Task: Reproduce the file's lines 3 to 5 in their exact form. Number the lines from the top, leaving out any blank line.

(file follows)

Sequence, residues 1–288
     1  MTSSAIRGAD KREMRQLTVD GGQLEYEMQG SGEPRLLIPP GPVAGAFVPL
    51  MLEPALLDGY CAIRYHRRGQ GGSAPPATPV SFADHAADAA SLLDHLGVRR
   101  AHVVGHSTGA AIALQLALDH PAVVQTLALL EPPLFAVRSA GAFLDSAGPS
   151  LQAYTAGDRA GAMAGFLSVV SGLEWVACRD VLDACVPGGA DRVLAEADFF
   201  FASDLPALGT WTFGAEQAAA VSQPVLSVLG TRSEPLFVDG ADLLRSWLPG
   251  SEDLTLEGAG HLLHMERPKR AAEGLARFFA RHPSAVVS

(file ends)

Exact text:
    51  MLEPALLDGY CAIRYHRRGQ GGSAPPATPV SFADHAADAA SLLDHLGVRR
   101  AHVVGHSTGA AIALQLALDH PAVVQTLALL EPPLFAVRSA GAFLDSAGPS
   151  LQAYTAGDRA GAMAGFLSVV SGLEWVACRD VLDACVPGGA DRVLAEADFF